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Donald Trump and Christianity
Pope Francis Talks Shit
Pope Francis responded to questions concerning Donald Trump's proposed policies about border control by saying, “A person who thinks only about building walls, wherever they may be, and not building bridges, is not Christian…”
Reasonably, this statement caused quite a bit of discussion. Is he correct in his statement that the presidential candidate is not a true Christian? There are many ways of looking at this, and honestly it doesn't seem that a definite answer can be found. Religion is a very strange and multifacetted thing. Christianity very much so! There are many, many different forms of Christianity.
What Makes Someone Christian?
Some may say that the pope is the highest religious authority. When a man becomes pope, some consider his word to be religious law. The leader of a religious group has final say in a lot of religions, and in the eyes many of that religion's followers. Are these people truly Christians?
Yet some Christian followers consider the religious texts, the bible, as the true authority. There are groups that follow the texts word for word and claim that what is written in the bible is the true religious law. Are these people true Christians, even if the bible and the pope are in disagreement?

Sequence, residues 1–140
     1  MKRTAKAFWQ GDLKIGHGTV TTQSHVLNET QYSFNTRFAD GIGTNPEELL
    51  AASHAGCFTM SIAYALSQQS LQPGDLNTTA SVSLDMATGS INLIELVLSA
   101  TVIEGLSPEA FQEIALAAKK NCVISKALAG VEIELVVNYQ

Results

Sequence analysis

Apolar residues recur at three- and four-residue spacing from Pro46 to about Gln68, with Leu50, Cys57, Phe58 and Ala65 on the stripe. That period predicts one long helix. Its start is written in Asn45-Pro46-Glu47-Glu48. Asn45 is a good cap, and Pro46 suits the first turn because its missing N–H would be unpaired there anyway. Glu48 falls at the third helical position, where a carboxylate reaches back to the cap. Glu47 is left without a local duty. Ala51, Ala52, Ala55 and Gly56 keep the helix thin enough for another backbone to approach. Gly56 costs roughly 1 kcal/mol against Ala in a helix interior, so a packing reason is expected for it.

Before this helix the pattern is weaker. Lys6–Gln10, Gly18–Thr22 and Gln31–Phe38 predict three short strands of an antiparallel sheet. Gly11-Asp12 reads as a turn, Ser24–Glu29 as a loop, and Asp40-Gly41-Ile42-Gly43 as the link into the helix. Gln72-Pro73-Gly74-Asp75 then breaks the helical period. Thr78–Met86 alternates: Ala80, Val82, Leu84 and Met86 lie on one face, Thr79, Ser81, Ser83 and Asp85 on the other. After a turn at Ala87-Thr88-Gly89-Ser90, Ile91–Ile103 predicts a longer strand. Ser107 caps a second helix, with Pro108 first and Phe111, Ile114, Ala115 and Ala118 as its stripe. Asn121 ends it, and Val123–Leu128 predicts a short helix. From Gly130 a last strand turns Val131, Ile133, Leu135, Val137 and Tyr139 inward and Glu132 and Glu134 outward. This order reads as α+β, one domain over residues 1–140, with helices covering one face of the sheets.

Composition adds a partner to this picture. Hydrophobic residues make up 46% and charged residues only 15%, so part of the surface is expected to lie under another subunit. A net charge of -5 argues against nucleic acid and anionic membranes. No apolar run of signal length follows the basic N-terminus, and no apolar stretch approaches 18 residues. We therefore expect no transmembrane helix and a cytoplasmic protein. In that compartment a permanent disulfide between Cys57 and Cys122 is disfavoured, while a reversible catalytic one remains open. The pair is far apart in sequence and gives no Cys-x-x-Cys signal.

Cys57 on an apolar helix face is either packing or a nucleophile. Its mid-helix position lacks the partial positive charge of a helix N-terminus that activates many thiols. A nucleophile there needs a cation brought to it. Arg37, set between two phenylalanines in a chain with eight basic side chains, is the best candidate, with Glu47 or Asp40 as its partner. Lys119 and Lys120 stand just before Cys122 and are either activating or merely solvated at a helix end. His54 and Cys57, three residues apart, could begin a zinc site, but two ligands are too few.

Even other Christian groups follow different versions of the biblical texts. Follow specific interpretations of the text. Are any of these people truly Christian?
While the basis of most Christian sects remains the same, individual beliefs vary drastically. Is it the specifics of one's values that makes them Christian, their personal habits/behaviors, such as following the traditions, or just their devotion to God and their decision that they are in fact Christian?
Considering the situation objectively, the fact that Pope Francis disagrees with Trump's values does not necessarily mean that Trump is not a Christian.
Personally, I'm neither Christian, nor a Trump supporter. This question was brought up in a discussion in my Religious Literacy course, and I felt my answer was worth sharing.
It's interesting to make arguments about things that I have no personal investment in, and I like feedback.
What do you think?